I caught the X12 at the Ingliston Park and Ride just in time and settled into my seat shaking the rain from my hood. It was just gone 6.50 am on a gloomy Monday in July and I had an urgent appointment with a woman in Burdiehouse about a supernatural parasite that had laid its eggs in her toilet cistern. Of course she didn’t realise that, but what hadn’t escaped her was that it didn’t appear to be a fault with the plumbing, given the fact that the plumber in question had run screaming from her top floor flat and she’d heard nothing from him since. So distraught was he, that he’d left all his tools in an untidy spill in her hallway.
“Oi,” said a voice from the seat behind me, “You’ve soaked me, you inconsiderate bitch.”
I turned my head in disbelief and saw a young girl of perhaps eighteen glowering at me. She was blond and petite, pale blue eyes dominating a delicate, heart-shaped face. She might have been pretty minus the scowl but what really caught my attention was the seven foot elemental attached to her. A long, veined tentacle thicker than one of her thighs had wrapped itself around her body, penetrating the flesh at the base of her neck. The elemental itself was a pulsating mass, featureless and unformed for now. It had also not been in situ for that long judging by the size. These things could grow to the size of skyscrapers if left long enough and if the host had sufficient juice.
The thing about these creatures was that they made the hosts, well, not to put to fine a point on it, crazy – and not the lovable, harmless ditzy variety either. That meant the hosts with the most needed to get rid of their uninvited, joy-riding parasites before they got too entrenched. Once that happened it was Goodnight Vienna.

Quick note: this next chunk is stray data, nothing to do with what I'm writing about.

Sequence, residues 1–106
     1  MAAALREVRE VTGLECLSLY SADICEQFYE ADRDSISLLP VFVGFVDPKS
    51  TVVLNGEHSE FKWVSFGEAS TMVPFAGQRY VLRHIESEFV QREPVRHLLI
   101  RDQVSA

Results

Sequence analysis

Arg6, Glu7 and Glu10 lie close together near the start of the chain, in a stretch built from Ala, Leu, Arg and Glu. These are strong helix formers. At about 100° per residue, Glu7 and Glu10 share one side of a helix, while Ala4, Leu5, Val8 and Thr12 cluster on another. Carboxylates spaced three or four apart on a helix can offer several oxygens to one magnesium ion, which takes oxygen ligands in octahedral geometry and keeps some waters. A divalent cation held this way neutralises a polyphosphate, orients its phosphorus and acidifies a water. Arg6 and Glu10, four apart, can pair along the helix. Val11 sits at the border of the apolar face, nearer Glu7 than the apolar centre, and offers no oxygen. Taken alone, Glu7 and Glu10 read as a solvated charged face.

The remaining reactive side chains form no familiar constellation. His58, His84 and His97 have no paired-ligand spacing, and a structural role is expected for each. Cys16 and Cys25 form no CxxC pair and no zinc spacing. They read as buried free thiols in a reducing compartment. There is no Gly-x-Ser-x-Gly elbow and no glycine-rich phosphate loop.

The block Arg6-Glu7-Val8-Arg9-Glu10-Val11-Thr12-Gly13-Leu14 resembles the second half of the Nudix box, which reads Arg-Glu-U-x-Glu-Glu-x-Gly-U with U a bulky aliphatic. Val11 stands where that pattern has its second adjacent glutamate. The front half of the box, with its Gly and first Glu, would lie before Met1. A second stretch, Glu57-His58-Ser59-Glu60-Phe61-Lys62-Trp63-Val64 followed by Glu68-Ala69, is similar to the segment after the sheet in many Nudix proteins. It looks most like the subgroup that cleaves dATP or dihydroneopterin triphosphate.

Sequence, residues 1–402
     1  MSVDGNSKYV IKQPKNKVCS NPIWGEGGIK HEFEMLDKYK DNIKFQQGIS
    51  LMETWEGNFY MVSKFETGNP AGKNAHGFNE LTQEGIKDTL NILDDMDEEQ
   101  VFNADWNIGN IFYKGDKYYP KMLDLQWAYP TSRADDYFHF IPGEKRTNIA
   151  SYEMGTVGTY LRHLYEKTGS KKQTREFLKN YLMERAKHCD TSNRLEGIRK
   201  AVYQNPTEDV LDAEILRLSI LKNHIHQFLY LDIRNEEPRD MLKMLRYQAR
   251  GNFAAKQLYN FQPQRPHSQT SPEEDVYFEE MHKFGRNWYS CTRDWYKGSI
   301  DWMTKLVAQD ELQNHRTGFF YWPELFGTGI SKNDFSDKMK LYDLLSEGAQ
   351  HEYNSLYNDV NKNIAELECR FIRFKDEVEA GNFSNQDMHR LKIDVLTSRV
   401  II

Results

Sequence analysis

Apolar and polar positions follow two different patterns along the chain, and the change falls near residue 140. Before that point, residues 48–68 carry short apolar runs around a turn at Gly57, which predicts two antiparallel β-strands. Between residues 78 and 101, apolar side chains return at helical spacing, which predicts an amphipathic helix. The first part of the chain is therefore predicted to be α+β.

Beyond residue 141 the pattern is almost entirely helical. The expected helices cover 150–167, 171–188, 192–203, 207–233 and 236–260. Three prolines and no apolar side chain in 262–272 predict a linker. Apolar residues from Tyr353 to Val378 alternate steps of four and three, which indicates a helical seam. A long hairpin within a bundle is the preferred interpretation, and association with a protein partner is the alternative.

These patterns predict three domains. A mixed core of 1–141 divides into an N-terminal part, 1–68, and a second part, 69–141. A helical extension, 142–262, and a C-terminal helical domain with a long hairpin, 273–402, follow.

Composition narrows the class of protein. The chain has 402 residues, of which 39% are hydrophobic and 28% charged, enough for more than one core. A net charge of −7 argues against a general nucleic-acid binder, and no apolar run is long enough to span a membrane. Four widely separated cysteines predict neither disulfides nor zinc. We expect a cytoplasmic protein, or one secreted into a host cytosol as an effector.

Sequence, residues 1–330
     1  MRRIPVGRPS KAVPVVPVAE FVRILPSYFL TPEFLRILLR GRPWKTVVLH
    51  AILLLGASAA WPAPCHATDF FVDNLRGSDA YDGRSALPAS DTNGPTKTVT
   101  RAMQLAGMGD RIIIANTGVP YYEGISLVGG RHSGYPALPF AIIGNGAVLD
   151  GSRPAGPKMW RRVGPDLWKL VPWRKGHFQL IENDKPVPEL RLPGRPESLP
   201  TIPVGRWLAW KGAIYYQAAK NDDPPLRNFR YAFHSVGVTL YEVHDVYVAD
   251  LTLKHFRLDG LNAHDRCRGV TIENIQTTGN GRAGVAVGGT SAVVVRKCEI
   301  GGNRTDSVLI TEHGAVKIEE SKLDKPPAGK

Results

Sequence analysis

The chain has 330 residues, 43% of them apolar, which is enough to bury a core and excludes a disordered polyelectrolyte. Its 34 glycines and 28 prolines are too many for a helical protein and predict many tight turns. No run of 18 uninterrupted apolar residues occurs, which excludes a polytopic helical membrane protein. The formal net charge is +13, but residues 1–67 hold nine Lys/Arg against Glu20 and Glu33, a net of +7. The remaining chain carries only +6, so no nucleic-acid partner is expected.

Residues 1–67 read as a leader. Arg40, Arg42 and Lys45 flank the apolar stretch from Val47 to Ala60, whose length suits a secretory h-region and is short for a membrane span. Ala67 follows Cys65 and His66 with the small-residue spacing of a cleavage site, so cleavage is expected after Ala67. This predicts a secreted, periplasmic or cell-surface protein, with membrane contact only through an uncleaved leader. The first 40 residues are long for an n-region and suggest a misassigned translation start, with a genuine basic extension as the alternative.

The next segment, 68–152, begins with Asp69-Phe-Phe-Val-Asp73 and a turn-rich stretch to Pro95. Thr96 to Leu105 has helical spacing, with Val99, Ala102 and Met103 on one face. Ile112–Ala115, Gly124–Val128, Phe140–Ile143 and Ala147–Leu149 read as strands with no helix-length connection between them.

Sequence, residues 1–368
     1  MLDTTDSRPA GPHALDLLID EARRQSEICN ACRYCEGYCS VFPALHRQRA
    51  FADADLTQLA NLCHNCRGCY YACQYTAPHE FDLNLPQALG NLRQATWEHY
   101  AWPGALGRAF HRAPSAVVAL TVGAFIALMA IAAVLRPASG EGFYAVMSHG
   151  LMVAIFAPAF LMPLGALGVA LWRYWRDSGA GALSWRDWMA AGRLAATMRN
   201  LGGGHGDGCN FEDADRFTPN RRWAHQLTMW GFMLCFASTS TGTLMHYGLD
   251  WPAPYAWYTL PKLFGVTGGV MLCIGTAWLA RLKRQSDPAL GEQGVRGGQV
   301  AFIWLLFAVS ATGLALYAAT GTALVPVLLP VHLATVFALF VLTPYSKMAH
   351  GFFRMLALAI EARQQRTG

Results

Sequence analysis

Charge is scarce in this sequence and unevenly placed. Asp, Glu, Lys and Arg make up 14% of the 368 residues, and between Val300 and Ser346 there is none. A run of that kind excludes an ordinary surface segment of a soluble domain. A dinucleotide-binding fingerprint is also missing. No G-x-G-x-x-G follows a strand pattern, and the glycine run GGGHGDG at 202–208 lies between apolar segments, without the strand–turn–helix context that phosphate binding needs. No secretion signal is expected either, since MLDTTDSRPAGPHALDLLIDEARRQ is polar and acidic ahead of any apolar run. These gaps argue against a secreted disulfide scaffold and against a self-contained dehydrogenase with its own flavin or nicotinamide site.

I specialised in getting rid of these things and from what I could see, this one looked distinctly doable. The tentacle on this one throbbed rhythmically as it sucked on the girl’s life force. A faint blush spread like an angry rash over her pale skin and I wondered what cocktail the elemental was feeding her.
“Listen-” I began.
“No, you listen.”
She jabbed a slender forefinger inches from my face in staccato counterpoint to the torrent of abuse spewing from the rosebud mouth. The tentacle coiled more possessively around the slender body and the peristaltic contractions became more pronounced.
I turned away from her and she jabbed me in the back, hard.
“Oi, you, you ignorant cow. I’m going to rip off your head and spew down the hole and you’ll thank me for it by the time I’ve finished with you.”
“Not without a head I won’t,” I said without turning round.
I fished around for a pen and paper in my bag and started scribbling a note for her all the while knowing it was hopeless. Even if I gave it to her and managed to get off the bus without her stuffing it down my presumably still attached throat, the chances of her ringing me for help rather than more abuse were remote.
I sighed and tried to ignore the frantic jabbing in my back. I was getting off at Haymarket and we were nearly there. But my troubles had, it seemed, only just begun as a sweet little old lady dressed in lilac sat down next to me.
“What a to do!” she said breezily. “No one’s leaving this bus until we’re all extra special friends again.”
She smiled, revealing a row of jagged brown teeth and a distinctly vulpine glint in her eyes.
One of the old guard that hunted human meat and weren’t too fussed how they got it. She might look like a vulnerable oldster, but judging by the dark maroon aura that was almost choking me she was in fact an exceptionally dangerous predator.
A shape-shifter that wasn’t for shifting beside me and an enraged maniac at my back. I was now officially between the Devil and the Deep Blue Sea or Scylla and Charybdis if you more classically inclined. And all before I’d had my morning latte.
The question was, which way could I jump.